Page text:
Villarreal CF have been working on the biggest ever transformation of the club’s stadium, turning it into a modern, cutting-edge and sustainable facility, on a par with the best venues in Europe.
This redevelopment project has been spearheaded by IDOM, a prestigious international engineering and architecture company that has already participated in important projects such as the construction of the new San Mamés (Athletic Club), the remodelling of the Estadio Monumental (River Plate) or the design and construction of the new roof of the Ciutat de València Stadium (Levante UD).
For Los Amarillos, the overarching objective is always to keep improving, both in a sporting and infrastructure sense. When it comes to the reasoning for the redevelopment of the Estadio de la Cerámica being carried out at this moment in time, two important events were taking place in quick succession that drove the project forward: one was the World Cup in Qatar, and the fact that the pause to club football for more than a month would see the team lose fewer home games in front of their fans, and the other was the centenary of the club. “We wanted to start 2023, the year of Villarreal CF’s centenary, in style, with a remodelled stadium,” stated club president Fernando Roig.
Ahead of the work being carried out, Roig stated: “This new refurbishment is the definitive transformation, enclosing the space where there is currently an empty corner, roofing all the stands and creating new interior spaces. In addition, we will make use of renewable energies, with photovoltaic panels, while we will change all of the seats and upgrade the structures for television production.” Those words were put into action, because the new-look Estadio de la Cerámica is now a reality.
This major transformation of the stadium has had a cost of approximately 50 million euros. It means that, in the club’s centenary year, Villarreal CF have made a significant financial effort, one which was also made possible thanks to the Boost LaLiga funds.
The complexities of refurbishing a stadium
César Azcárate, architect and director of Sports & Events at IDOM, emphasised through the club's official media how satisfied he was at having met the deadlines in time for hosting the match that had been circled as the objective for the inauguration of the new-look venue. “It has been an impressive challenge because it was not easy to achieve. Between the summer and the World Cup break, we made a big push and did it in record time thanks to the collaboration of everyone. We managed to finish in time for the match on December 31st, which was the president’s objective.”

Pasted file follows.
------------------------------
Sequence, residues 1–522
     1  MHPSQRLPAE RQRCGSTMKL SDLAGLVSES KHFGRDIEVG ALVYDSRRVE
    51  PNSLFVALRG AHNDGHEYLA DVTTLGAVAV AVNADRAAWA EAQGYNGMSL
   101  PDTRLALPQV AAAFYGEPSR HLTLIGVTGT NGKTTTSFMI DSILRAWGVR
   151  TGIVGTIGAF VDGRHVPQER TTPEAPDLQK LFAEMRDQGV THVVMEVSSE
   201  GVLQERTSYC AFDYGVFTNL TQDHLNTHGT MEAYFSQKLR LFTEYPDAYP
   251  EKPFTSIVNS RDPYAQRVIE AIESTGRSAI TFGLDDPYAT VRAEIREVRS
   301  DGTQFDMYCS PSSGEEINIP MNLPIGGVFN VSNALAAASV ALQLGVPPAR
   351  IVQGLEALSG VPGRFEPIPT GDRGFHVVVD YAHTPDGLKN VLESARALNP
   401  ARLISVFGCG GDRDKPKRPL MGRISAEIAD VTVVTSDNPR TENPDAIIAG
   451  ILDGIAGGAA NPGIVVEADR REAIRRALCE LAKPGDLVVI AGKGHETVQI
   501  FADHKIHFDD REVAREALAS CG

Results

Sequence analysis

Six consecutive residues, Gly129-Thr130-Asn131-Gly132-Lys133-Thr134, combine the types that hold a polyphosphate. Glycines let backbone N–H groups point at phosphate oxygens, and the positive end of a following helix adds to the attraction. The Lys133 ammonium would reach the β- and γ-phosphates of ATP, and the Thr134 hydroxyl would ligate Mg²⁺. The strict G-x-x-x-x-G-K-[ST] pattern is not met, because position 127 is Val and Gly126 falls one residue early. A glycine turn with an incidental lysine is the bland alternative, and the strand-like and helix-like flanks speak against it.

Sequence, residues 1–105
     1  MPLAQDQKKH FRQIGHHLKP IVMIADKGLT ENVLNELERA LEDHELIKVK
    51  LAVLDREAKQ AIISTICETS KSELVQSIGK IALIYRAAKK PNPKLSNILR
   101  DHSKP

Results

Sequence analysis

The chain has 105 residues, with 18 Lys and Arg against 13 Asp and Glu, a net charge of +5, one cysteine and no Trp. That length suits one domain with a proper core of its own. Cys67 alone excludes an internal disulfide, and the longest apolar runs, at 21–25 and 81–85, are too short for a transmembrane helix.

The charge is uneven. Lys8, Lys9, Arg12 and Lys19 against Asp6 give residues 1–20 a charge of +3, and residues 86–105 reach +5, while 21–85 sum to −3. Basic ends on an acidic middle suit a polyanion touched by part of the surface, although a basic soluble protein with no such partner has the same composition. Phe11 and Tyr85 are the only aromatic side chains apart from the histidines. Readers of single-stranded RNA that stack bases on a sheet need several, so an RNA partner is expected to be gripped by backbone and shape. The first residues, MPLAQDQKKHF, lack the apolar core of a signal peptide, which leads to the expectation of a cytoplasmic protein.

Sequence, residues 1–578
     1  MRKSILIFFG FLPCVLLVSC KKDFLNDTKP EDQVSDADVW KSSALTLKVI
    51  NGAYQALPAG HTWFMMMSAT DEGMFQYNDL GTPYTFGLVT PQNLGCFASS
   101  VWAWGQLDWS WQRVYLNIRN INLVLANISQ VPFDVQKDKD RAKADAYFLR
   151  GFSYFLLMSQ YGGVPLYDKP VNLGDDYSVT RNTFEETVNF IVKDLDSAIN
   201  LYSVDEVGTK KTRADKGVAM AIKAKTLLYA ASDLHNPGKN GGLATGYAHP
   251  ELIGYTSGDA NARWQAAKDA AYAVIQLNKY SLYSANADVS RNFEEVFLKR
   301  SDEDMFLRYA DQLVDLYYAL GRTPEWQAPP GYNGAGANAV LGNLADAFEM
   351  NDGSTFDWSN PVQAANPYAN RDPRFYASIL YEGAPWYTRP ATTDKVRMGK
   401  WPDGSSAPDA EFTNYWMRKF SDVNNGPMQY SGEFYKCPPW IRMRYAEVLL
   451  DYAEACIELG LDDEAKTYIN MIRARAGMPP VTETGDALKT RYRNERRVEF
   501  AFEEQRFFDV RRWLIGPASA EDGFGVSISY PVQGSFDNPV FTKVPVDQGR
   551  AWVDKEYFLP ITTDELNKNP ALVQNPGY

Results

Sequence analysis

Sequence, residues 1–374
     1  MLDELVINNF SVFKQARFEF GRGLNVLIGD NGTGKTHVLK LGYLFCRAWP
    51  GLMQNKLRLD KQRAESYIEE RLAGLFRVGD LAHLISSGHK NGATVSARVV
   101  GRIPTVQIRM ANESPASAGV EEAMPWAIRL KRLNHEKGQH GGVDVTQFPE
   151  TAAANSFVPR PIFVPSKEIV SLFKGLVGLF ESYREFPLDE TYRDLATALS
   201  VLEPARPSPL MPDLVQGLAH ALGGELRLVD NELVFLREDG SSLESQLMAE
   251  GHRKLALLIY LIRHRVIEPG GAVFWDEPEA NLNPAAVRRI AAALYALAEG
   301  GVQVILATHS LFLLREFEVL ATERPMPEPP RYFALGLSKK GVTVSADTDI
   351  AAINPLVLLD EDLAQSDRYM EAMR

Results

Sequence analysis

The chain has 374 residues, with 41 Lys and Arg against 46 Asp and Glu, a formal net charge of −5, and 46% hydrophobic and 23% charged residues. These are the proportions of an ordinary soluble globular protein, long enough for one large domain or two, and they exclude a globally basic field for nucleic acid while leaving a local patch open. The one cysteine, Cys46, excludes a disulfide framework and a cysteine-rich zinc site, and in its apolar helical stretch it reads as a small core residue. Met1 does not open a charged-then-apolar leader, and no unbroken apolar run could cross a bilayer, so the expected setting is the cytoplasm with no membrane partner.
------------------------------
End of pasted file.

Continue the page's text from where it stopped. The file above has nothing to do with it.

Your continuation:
The IDOM director of sports architecture also stated that “a refurbishment is always more difficult than a construction from scratch”. Explaining the reason for this, he said: “When you design with a blank sheet of paper, it is much easier to achieve the objectives you set at the beginning, but when you have to rely on what already exists, on what is already built, it is much more complicated.”
Offering further detail on the complexity of the refurbishment, he pointed out which aspects were most difficult: “The first complexity was the project itself, because it wasn’t easy given that this was a remodelling to give the stadium a unified image, something that was lacking because it was a stadium that had been built up gradually. Meanwhile, it was also difficult to combine the overall project with the construction. We used a model known in construction terms as fast track, which means that, at the same time as the work is being carried out, other projects are being worked on within the overall project. For this to work, it requires total harmony between the club, the city council, the architects, the contractor and the other parties involved.”
Despite this being a difficult project, Azcárate insisted that it turned out exactly as it had been imagined. One of the main characteristics, as mentioned above, is the unifying character of the stadium, both on the outside and inside. To make it more unified on the outside, “more surface area has been freed up for the city itself, which was something the stadium lacked before due to the buildings attached to it”. On the inside, “the design will now make the stadium a pressure cooker, creating an even greater football atmosphere and enhancing the fan experience”.
The south side of the stadium becomes even more important
Along with the plan to create a stadium with a unified look both inside and out, another key objective was to build an element of connection with the city. On this, the architect added: “The south stand has a large window at the top that allows spectators in that area of the stadium to look out at the city or at the pitch at the same time. This south stand has become the most important point because it has the widest view of the city and the main square.”
This part of the stadium will be used the most, with the restaurant - which already existed - and with a museum coming in the future on the middle floor, while there will be other spaces too. This area is an opportunity to make the stadium as active as possible and not just a place where games are played every two weeks. The architect stated: “We want it to open up to the city and be a place that will be active almost every day of the year.”
The project is now almost complete and is expected to be completely finished by March. In this way, Villarreal CF have become one of the many LaLiga clubs undertaking major renovations to their stadiums and sports facilities thanks to the CVC funds.